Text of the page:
What Can You Do with an Industrial Sewing Machine?

What Can You Do with an Industrial Sewing Machine?

Industrial Sewing Machines

An industrial sewing machine is, first and foremost, for sewing, but that’s not the limit to the fun that you can have. This guide will provide you with a few facts, as well as some tips and warnings that you might want to pass on to any novice sewist that you are currently training.

Control the Speed

Just like most domestic machines, you can control the speed via a clutch pedal or servo motor. Users have different preferences, and it often boils down to whichever version the user has had the most practice with. That said, many new sewers will profess that learning to use the clutch pedal can take longer than gaining a working understanding of a servo motor. This means that you might be better starting off any apprentices with servo motor machines if you need them to learn quickly.

Winding A Bobbin

Most modern industrial sewing machines can wind a bobbin whilst you sew nowadays, which can speed up the work on your current sewing project a fair amount. Different machines have different instructions for winding a bobbin so make sure you always read the instructions when using a machine that you’re not familiar with.

Seam Finishing

Unlike in domestic situations, you probably won’t be relying on a simple lockstitch machine to finish your seams with a zigzag stitch unless it’s a conscious design choice. Instead, you should be considering investing in an overlocker, also known as a serger, which will encase the edge of your material in thread to prevent unravelling whilst also providing a thoroughly constructed and professional looking garment.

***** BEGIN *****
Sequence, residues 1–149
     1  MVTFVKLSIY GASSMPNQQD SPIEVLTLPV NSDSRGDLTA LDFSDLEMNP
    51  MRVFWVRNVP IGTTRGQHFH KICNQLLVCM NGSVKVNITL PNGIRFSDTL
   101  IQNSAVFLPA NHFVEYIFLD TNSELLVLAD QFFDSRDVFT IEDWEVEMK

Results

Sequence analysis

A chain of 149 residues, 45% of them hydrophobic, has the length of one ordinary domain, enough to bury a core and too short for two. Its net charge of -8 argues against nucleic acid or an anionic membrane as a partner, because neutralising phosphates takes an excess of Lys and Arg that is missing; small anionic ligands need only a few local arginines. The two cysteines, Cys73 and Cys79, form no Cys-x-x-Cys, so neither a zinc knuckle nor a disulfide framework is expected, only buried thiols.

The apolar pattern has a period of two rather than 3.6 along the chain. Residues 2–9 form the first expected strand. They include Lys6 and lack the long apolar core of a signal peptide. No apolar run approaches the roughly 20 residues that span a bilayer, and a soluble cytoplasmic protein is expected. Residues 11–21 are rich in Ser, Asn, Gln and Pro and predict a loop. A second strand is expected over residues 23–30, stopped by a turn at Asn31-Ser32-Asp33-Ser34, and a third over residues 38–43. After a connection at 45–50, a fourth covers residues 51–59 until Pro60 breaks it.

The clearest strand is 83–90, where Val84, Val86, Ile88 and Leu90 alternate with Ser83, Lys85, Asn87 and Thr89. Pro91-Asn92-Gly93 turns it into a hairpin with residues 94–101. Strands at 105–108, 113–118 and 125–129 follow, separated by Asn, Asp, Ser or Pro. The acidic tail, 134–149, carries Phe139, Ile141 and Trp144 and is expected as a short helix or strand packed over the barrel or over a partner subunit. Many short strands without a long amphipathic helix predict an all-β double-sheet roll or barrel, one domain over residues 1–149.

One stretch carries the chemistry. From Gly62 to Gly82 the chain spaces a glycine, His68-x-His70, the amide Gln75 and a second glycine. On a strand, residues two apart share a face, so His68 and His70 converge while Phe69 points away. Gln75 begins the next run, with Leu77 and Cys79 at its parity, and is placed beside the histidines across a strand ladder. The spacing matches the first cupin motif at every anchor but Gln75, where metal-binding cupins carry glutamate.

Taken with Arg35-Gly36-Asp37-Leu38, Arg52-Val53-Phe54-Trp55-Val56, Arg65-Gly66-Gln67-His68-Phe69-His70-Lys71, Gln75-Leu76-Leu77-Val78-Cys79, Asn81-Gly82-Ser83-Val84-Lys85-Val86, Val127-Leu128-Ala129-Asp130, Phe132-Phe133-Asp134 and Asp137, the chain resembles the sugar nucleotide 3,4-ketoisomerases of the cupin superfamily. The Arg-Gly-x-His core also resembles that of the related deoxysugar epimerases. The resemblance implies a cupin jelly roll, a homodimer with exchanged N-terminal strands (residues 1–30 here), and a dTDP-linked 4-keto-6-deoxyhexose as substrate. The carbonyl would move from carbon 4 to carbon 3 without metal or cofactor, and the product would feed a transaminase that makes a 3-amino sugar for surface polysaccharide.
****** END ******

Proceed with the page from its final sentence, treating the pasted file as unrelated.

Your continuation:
Stitch Heavy Materials

If you have a new worker or apprentice who has only ever handstitched before, they might be under the assumption that an industrial sewing machine can take anything you throw under its needle without complaint. As any vaguely experienced seamstress will know, however, you still need to exercise caution when sewing with heavy materials. For example, if you are planning a project which includes leather, professional guides will warn against using a regular foot as it could cause the leather to stretch. In almost all cases, warehouses will have machines specifically manufactured for handling these heavier materials.

There are similar concerns regarding other less common types of fabric that those new to machines should be warned about, such as when trying to sew through furs (fake or otherwise) it is important to try to separate the fur where the stitch will be in order to avoid trapping the hair under the stitch which would cause the stitch to be loose should the strands escape from underneath.

In an industrial environment, there are usually different machines to handle different tasks, rather than using a variety of accessories to manage all the jobs which is how many domestic sewers is complete their projects.

Accidental Knots

You can make knots in your stitching on an industrial sewing machine if you’re not careful. Some reasons that your machine might be causing knots in your stitching could be because you have the upper tension too high or you’re pulling the fabric as it passes through the machine. Knots can interrupt workflow, so getting the technique correct will reduce the amount of time wasted unpicking them later.

There are a lot of misconceptions as well as pitfalls that beginners could easily find themselves stuck in, but there is also a lot of joy to be had from mastering industrial sewing machines. Sewing in this environment allows for the worker to truly become a master of that aspect of sewing, rather than a domestic jack of all trades.

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